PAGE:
Drop a card. I will call.
C P. QUINLIN,
- Saa-tera Ag.at.
Ilox 5U7. Omaha, Nel.
IWaver Ijtnd ami Irrigatlm!
t'omnur. IVnnH. t V1M-Mri,k
BOY RUN DOWN BY AUTO
UNINJURED IN AQCIDENT
Sou of lht rorrrnn. of I nloa Pa
cltlc Mtopa Una arrow Kecap
GRAND ISLAND. Nib.. Nov. 7 'rtpec al )
The little tou of Mr. and Mrs. lrin wad
strurk by an automobile while cro.itis'
the street In the heart of the bUHlnt'gii sec
tion 'inn! evening, and the rear wheel run
Bnaraw Proaaetloa Berora.
OIULND ISLAND, Nov. 7 Special.)-A
new record of augar production was made
at the local factory when. In twenty-four
hours, 1.E90 pags of sugar, of 100 pounds
each, were turned out. The beets have
been of especially high quality this year,
running an average of about sixteen per
cent, the highest former average having
school board. As they are not allowed ben l4t Tbe season, therefore, is not
to vote on bond propositions still another
ballots is required for that purpose. All
voters should see to It that three Im
portant matters are not overlooked, as
they have not completed the full exer
cise of their franchise when they have
pulled the levers of the voting machine.
"I re pre t to see that certain parties who
art attempting to defeat the school bonds
are trying to arouse sectional prejudice
to accomplish that end Instead of con
fining themselves to a discussion of the
resl merits of the proposition.
j "It seems to nie that It Is begging the
question very hard to ask a voter In one
! ward to oppose the bonds because he al-
over the abdominal region of the body. reRjv i,as a school and the bond proposl
It was a flve-paxsenser car, with two oo- I ,ioll illttta ot contemplate-another bulld
cupauts. and the Jlttle on..vtaa picked up j ll)(f jn ),is immediate neighborhood. I do
unconscious and apparently dead. The lad , nt believe that the citizens of Omaha
riished to the office, of Dr. Karns- ill favor such a narrow and selfish
woith and an ' examination found no In- j view. It Is not at all In accord with the
terni'.l heniurrrliases or other serious con
ditions, and this morning the lad Is play- ! " '
ln about as usual, with the exception of!
a little stirrnees. The auto came around
the corner ax the boy and his parents were
only a profitable one to the factory, but
likewise to the grower, for tbe tonnage has
likewise been large. The factory will be
in operation quite elose to the holiday
son. For the first time In Its history the
factory Is taking care of the siloing, and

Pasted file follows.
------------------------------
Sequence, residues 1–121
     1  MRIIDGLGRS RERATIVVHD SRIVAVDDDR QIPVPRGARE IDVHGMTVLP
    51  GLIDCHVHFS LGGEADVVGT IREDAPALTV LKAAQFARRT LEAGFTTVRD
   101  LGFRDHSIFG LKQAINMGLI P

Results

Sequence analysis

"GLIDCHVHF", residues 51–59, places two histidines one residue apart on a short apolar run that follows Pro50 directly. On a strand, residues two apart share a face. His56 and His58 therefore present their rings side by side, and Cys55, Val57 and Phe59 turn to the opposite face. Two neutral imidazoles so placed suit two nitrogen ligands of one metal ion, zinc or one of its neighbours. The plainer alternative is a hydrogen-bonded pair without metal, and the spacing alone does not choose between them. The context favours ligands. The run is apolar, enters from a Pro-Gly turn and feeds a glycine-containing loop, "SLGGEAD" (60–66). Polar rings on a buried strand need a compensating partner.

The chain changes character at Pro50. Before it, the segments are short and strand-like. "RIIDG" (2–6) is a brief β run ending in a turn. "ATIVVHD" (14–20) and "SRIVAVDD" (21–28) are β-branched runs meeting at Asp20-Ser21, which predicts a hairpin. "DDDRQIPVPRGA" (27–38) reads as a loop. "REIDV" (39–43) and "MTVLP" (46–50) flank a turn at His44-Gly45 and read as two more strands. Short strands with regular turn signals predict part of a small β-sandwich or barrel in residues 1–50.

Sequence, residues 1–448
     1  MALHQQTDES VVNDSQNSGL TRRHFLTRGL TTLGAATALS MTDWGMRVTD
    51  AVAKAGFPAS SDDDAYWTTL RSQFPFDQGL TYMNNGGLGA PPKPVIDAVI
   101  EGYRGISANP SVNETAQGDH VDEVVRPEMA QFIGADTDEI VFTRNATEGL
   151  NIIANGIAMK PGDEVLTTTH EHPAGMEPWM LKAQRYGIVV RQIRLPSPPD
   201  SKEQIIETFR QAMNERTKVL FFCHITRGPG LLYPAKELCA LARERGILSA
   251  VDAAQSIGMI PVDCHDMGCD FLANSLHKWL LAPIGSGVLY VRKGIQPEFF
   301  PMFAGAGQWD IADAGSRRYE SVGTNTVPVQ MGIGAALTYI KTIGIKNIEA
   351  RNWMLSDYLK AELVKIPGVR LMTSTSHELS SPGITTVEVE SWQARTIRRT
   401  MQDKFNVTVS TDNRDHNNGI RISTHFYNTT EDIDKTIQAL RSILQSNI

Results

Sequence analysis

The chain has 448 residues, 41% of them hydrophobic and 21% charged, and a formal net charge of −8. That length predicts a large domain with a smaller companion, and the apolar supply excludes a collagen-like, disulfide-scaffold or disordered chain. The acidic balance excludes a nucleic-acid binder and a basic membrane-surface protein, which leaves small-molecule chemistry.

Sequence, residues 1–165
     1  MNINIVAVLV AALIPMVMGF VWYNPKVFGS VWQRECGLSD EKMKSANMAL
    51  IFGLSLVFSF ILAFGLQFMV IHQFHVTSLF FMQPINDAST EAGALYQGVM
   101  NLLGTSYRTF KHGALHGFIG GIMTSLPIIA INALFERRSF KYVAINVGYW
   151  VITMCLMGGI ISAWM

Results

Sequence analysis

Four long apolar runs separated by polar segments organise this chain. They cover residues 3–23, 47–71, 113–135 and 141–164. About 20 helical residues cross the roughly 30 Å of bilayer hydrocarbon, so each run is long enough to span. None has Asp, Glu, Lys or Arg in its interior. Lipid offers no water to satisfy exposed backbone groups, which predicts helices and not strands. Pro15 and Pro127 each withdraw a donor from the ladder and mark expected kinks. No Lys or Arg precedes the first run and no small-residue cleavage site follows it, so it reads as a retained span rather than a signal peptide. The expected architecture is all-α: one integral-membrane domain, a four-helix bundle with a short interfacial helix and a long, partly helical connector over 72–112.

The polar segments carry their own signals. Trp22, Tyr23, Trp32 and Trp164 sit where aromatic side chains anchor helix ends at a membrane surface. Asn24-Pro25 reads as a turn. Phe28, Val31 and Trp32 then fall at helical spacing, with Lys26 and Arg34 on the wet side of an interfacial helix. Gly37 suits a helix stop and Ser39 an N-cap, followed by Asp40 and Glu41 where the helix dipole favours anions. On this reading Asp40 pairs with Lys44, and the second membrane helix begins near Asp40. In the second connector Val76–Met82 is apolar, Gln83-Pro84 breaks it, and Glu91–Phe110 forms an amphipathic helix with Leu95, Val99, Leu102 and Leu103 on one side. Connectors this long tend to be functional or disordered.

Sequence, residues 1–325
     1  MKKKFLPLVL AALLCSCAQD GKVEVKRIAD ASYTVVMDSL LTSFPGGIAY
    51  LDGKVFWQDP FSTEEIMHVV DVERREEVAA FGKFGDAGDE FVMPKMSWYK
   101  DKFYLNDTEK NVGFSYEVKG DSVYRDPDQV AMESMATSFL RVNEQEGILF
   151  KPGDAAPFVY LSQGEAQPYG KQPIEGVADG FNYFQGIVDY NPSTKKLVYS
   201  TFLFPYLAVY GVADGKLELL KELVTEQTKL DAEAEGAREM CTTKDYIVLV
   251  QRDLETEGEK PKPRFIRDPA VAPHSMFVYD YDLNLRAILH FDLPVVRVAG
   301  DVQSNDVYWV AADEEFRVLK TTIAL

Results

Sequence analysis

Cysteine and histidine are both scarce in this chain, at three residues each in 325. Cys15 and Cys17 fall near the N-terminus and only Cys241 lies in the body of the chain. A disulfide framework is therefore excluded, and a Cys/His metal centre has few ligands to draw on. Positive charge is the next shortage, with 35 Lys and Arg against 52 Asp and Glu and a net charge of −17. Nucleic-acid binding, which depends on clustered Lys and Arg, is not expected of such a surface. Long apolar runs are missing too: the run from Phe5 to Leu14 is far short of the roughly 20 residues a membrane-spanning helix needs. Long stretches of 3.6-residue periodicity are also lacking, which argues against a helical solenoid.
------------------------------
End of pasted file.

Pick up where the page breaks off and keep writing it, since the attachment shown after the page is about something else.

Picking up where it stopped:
is likewise paying the highest price for
beets ever paid In Nebraska K per ton
Jory Ooea Oot to Vote.
PIERRE. 8. D., Nov. 7. (Special Tele
gram.) While the examination of witnesses
In the O'Hara criminal assault ease In
Stanley oounty was praotloally eompleted
this evening, the case was not allowed to
go to the Jury, but a recess was taken to
Wednesday. . The Jurors will be taken -put
In squads under guard of deputy sheriffs
and allowed to vote. Some of them will
have to go forty miles for that purpose.
Woman Shoots Child. ,
PIERRE, S. li., Nov. 7. (Special Tele
gram.) After an investigation by the cor
oner of the shooting at MoenvlUe Saturday,
Mrs. Helen Dtldlne was taken Into custody
on an Insanity charge. The unfortunate
woman had been showing signs of mental
trouble for some time and Saturday even
ing, without provocation, -shot and killed
her 6-year-old son.
A a 1'g-ly Uaah
should be covered with clean bandage
saturated with Ruoklnn's Arnica Salve.
Heals burns, wounds, sores, piles. Sic. Kor
sale by Beaton Drus Co.
Omaha Auditorium company. Howard
and Fifteenth, concrete bialrway. 200;
C. A. I'ratt, 1:815 Pacific, frame dwelling,
2,(in0; Hoard of Education, Fortieth and
I'ratt, frame annex. $l.S0u; Smith Hnck
company. Twenty-fourth and Woolworth.
brick office. $1,600; Peter Sarp, 3370
ci-oaxing the street at such speed that the
machine could not be atopped in time, hie
occupantx of the machine immediately
stopped, pi-offered all the assintance pos
sible, and accompanied the child and its
parents to the physician's office. Their
names were not learned. They were, how
ever, fioiu May field township, this county.
Mr. Irwin is a night foreman at the Union
Welcome Words to Women
WOMEN TO HEAR ANNETTE i
Fatuous Beauty t. t.lve l.erlare om
IntrreellMv Topic at the
Women of Omaha will have an exclusive
function in the study uf beauty of health,
when Miss Annette Kellerman. the famous
beauty, deliver, her scheduled lecture at
tlie oi pheuui at 11 o clock Tuesday morn
ing. The function is to be free, hut for
aomeii only. The doors alll be epm st
10 30 o'clock.
Women who suffer with disorder peculiar to their
sex should writs our Atsooicttoa and recaivw tree